In origami, a model base is the structural skeleton of an origami model in its simplest form. The usage of a base has many benefits; the folding sequence will be easier to remember and create diagrams for, and further models can be developed from the same base, or from slight modifications thereof. However, the use of a base does, to a certain extent, limit what can be done with the model.

Traditional origami models were often developed from similar patterns. While some of them are rarely used, there are six that are used quite frequently: the waterbomb base, preliminary fold, kite base, fish base, bird base and frog base. Most recently published books only assume the knowledge of these bases; however, some authors still use unconventional bases.

These bases are referred to as the classic bases, and were used as the primary design technique until the 1960s. They all share the same symmetry, and certain structural properties. In the 1960s, paperfolders started trying to find new bases to create more complex models. One of the new techniques they developed was to fold the corners into the center (a blintz base), fold the base, and then unwrap the extra layers of paper. This technique allowed folders to multiply the number of points on the base, and is referred to as "blintzing" the base.

The windmill base, helmet base, umbrella base and pig base are found in traditional models, but not used or accepted as widely.

Models are typically classified by the number of simultaneous folds to realize. The more the number of folds is high, the more the techniques involved in the construction is complex.

## One foldEdit

- The
**book fold**is a valley fold that folds the paper by the middle and entirely covers the side up.

- The
**cupboard fold**is two valley folds that push the edges of the paper to the middle.

- The
**pleat fold**is several evenly-spaced parallel mountain and valley folds. It is also called an "accordion fold."

- The
**radial pleat fold**is an angled pleat fold, usually with a focus point on an edge or corner.

- The
**kite base**is merely two valley folds that bring two adjacent edges of the square together to lie on the square's diagonal.

- The
**helmet base**consists of a diagonal valley fold that bisects two corners of the square and two perpendicular valley folds that push two corners of the triangle to the third one.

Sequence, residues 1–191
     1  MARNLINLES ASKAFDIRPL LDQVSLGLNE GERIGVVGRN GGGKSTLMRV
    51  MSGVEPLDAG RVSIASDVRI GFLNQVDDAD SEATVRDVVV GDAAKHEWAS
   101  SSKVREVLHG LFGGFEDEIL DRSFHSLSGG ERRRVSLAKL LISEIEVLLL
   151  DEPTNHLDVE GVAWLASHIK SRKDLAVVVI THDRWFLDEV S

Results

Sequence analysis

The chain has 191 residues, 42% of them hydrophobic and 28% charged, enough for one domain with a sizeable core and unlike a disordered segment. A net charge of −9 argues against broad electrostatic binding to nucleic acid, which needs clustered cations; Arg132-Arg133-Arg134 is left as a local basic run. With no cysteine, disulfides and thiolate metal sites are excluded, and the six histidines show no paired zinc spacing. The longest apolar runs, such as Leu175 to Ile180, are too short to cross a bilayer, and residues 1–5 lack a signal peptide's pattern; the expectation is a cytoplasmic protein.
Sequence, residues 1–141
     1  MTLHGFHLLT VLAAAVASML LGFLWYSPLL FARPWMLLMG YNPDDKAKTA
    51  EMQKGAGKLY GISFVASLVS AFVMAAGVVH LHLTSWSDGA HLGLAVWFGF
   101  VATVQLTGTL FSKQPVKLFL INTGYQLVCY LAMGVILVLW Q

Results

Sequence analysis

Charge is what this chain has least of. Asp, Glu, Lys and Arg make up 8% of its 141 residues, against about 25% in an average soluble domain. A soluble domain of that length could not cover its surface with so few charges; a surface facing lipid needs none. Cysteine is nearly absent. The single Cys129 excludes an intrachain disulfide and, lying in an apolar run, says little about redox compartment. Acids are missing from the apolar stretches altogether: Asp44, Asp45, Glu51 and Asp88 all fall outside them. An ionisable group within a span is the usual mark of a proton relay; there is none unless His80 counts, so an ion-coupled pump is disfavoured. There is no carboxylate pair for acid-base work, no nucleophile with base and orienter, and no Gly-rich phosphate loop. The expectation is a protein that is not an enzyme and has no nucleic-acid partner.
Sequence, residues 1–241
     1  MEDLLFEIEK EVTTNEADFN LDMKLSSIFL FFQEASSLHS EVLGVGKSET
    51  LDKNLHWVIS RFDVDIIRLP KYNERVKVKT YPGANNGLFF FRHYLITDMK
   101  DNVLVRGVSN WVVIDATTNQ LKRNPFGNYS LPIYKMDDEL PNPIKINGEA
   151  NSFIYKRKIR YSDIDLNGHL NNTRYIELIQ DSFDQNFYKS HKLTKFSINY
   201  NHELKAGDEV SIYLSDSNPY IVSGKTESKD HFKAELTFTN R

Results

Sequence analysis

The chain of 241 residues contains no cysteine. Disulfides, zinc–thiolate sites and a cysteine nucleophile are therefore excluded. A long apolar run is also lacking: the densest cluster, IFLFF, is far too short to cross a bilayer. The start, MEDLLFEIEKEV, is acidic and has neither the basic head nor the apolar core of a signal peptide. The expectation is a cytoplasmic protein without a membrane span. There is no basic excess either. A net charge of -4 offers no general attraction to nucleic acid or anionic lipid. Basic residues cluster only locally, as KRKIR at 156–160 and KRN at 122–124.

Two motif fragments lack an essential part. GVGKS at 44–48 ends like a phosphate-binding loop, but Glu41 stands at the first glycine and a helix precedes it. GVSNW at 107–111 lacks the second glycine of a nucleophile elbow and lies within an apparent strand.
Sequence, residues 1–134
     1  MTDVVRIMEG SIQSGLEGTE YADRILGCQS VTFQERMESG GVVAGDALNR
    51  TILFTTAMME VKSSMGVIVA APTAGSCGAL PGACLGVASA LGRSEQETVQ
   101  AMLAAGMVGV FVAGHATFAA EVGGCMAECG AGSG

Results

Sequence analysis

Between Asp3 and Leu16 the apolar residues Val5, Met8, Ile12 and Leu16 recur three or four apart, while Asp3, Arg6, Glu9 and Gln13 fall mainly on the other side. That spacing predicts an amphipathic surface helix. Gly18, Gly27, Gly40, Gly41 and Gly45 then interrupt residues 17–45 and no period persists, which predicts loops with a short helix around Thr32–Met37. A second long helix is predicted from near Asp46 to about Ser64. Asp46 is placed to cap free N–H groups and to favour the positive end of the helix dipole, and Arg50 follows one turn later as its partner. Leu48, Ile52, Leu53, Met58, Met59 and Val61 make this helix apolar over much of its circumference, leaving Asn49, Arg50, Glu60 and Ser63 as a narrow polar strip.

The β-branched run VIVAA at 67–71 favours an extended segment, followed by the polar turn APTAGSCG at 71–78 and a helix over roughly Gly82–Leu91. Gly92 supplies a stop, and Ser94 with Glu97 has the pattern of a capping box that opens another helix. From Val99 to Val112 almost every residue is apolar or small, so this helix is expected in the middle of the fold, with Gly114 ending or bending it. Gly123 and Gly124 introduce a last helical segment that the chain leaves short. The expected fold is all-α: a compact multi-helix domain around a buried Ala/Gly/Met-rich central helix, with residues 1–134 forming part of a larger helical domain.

- The
**blintz fold**is made by folding the corners of a square into the center. This can be achieved with higher accuracy by folding and unfolding two reference creases through the center.

Origamis that are done by creating only one fold at a time are called pureland origami. Because of these restrictions, proponents of the theory have devised alternate methods of folding more complicated steps that have very similar results.

## Two foldsEdit

- The
**preliminary fold**or**square base**consists of a diagonal mountain fold that bisects two corners of the square and two perpendicular valley folds that bisect the edges of the square. The paper is then collapsed to form a square shape with four isosceles-right triangular flaps.

- The
**waterbomb base**consists of two perpendicular valley folds down the diagonals of the square and a mountain fold down the center of the square. This crease pattern is then compressed to form the waterbomb base, which is an isosceles-right triangle with four isosceles-right triangular flaps. The waterbomb base is an inside-out square base.

- The
**pig base**consists of a cupboard fold with all the paper corner squash folded to the center of the paper. All the paper edge is along the middle line.

- The
**umbrella base**consists of a square base with all the flaps squash folded and the isosceles-right triangular flaps valley folded on the big isosceles triangle.

- The
**windmill base**consists of four square bases on a single square.

## Three foldsEdit

- The
**fish base**consists of two radial folds against a diagonal reference crease on each of two opposite corners. The flaps that result on the other two corners are carefully folded downwards in the same direction. In other words, it consists of two side-by-side rabbit ears.

- The
**bird base**, or**crane base**, consists of a square base with both the front and the back sides petal folded upward.

- The
**frog base**starts with a waterbomb base or square base. All four flaps are squash-folded (the result is the same in either case), and then the corners are petal folded upward.

- Most of the creases in a
**stretched bird base**are present in the regular bird base. When forming this bird base, make sure to crease the triangle at the center corner through all layers. (If you unfold completely, you will see a small square at the center of the paper.) After forming the bird base, either partially unfold the paper, and/or "stretch" two opposite corners of the bird base. These two corners, their associated flaps, and the central square will all lie flat. The other two flaps will form a pyramid. Rabbit ear each flap that is in the pyramid, so that the model lies flat. All of the raw edges will lie along the centerline of the model. The stretched bird base is used in Lang's*Bald Eagle*, Greenberg's*Eeyore*, and some other high-intermediate and complex models.

If a square is blintz folded, then a kite/fish/bird/frog base is folded, and the blintzed edges teased out and collapsed n a certain fashion, this is called a blintzed kite/fish/bird/frog/base, which doubles the complexity and adds more points and edges to the original kite/fish/bird/frog base, for a more complex model that requires more points. It's possible to double blintz for a double blintzed kite/fish/bird/frog base if needed. Theoretically an infinite number of blintzes could be performed to yield an infinitely complex multipointed base, but paper thickness restricts this to generally two blintzes.